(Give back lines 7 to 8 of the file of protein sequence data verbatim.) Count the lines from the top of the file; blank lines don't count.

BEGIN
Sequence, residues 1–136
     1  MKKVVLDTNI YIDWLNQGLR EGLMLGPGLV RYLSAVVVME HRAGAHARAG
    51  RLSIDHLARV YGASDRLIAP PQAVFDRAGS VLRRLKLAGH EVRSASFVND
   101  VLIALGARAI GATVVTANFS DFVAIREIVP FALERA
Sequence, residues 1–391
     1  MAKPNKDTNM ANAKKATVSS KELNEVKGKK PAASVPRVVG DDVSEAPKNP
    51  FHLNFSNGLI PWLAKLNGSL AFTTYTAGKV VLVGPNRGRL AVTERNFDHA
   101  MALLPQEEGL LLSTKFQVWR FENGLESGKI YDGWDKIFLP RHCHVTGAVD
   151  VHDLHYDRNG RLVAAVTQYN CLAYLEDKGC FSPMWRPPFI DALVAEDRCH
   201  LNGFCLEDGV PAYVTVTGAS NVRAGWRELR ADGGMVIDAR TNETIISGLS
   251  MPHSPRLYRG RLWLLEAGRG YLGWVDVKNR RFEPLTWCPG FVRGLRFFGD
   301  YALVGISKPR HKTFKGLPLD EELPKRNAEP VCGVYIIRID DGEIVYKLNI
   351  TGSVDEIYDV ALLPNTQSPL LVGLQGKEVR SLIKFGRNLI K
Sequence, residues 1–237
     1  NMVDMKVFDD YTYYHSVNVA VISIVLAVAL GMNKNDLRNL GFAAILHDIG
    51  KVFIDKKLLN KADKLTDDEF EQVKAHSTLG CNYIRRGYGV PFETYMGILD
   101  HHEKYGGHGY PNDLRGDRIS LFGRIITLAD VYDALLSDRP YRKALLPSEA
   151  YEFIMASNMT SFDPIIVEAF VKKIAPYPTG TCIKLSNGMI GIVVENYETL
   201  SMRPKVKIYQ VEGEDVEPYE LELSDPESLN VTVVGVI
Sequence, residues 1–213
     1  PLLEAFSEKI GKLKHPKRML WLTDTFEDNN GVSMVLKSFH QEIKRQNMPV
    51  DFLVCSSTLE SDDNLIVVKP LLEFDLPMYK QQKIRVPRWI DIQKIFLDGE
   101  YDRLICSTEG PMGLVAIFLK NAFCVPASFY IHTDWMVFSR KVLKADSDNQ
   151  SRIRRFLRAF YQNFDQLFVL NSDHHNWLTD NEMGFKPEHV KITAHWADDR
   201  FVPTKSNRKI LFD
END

    51  FHLNFSNGLI PWLAKLNGSL AFTTYTAGKV VLVGPNRGRL AVTERNFDHA
   101  MALLPQEEGL LLSTKFQVWR FENGLESGKI YDGWDKIFLP RHCHVTGAVD